"All big things come from small beginnings,” Clear writes in the book. “The seed of every habit is a single, tiny decision. But as that decision is repeated, a habit sprouts and grows stronger. Roots entrench themselves and branches grow. The task of breaking a bad habit is like uprooting a powerful oak within us. And the task of building a good habit is like cultivating a delicate flower one day at a time."

TikTokker Ashie Adams has a similar theory she calls the Lazy Girl Fitness hack. She says people can create a regular fitness routine by breaking a trip to the gym down into 2 distinct events instead of one that feels overwhelming.

Keep ReadingShow less

Albert Einstein

One of the strangest things about being human is that people of lesser intelligence tend to overestimate how smart they are and people who are highly intelligent tend to underestimate how smart they are.

This is called the Dunning-Kruger effect and it’s proven every time you log onto Facebook and see someone from high school who thinks they know more about vaccines than a doctor.

The interesting thing is that even though people are poor judges of their own smarts, we’ve evolved to be pretty good at judging the intelligence of others.

Keep ReadingShow less
Photo by David Clode on Unsplash

Creator shares strange animal facts, weirds people out with jacana bird

Sometimes we see things that simply cannot be unseen. TikTok creator Mamadou Ndiaye who goes by the screen name mndiaye_97, has made his career out of educating people about weird animal facts that he finds fascinating. In most of his videos people walk away feeling more knowledgable on what animals to stay away from and which are actually as cuddly as they look.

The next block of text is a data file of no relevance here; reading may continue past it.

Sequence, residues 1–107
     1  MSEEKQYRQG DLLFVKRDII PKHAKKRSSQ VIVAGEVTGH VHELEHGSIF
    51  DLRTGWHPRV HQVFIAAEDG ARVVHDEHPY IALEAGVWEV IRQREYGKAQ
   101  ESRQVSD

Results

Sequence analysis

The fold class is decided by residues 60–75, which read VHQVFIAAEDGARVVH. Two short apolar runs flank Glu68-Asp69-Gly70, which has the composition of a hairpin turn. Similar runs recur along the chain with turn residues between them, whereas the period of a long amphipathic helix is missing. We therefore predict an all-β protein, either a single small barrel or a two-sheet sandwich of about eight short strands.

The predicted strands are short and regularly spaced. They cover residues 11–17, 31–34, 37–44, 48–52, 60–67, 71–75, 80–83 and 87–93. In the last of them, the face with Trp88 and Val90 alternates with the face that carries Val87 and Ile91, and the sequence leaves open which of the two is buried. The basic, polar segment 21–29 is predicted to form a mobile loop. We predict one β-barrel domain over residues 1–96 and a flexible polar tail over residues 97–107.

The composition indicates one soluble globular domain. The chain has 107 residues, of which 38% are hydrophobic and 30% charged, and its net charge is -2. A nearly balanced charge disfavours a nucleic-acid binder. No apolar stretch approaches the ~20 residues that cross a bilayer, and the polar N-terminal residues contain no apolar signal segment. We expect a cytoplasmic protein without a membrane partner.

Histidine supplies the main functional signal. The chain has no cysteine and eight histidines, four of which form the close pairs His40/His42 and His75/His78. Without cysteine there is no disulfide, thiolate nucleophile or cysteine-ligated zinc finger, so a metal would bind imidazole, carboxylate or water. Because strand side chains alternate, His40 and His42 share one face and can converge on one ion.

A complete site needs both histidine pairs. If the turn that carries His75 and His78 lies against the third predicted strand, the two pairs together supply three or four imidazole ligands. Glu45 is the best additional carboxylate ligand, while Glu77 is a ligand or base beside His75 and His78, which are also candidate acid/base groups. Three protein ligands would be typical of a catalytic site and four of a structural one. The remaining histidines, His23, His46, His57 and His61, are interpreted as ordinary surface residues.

But sometimes his videos makes the internet collectively gasp as they hear these untold facts. Recently, Ndiaye shared a video about the Jacana bird, who at first glance looks like an average bird with abnormally large feet. Viewers quickly realize the video is taking an hilariously uncomfortable turn when the next fact he drops involves a picture of the bird appearing to have eight sets of legs. Or maybe claws? No matter what it resembles, it's what nightmares are made of.

One viewer called it, "Birdie Kruger," and they're not wrong because the facts about this bird just kept getting more disturbing.

Keep ReadingShow less
Joy

Woman sets up an adorable 'date night' with her elderly dog

More than 1.5 million have watched the dog's unforgettable birthday dinner.

Representative Image from Canva

Spoil your pets every chance you get.

It’s one of the most bittersweet experiences that life has to offer—watching our fur babies grow old. No matter how much time we are blessed with such lovely creatures, it’s never enough time.

But, even during our pet’s golden years, when energy wanes and things tend to slow down, we can still spoil them and give them the greatest life possible. And if you’re in need of some inspo—or just a good reason to have a happy cry—look no further.

Dog mom Vicki had the brilliant idea of giving her elderly, but still so handsome Lab the most adorable ‘date night’ for his 16th birthday. He even got his own tux!

Keep ReadingShow less

Artist's apartment gains protected status after his death

You move into an apartment and can't wait to decorate it however you'd like but unfortunately you're pretty limited on what you can do. Most apartments don't approve anything that can't be easily removed, some don't even allow you to paint. One man in England decided that he was going to make his apartment his own by decorating it with his artwork.

Ron Gittins was an artist that lived in the same apartment for over 30 years before his death. During his time in the apartment, the artist had created art all over the walls. Not just elaborate paintings but huge sculptures affixed to the walls that took up the wall's entirety. His family visited the home after Gittins passed away, they were shocked to find such massive elaborate art pieces throughout the home.

The artist died in September 2019 according to CNN, but if you stepped into the home now, you'd see everything still in its place.

Keep ReadingShow less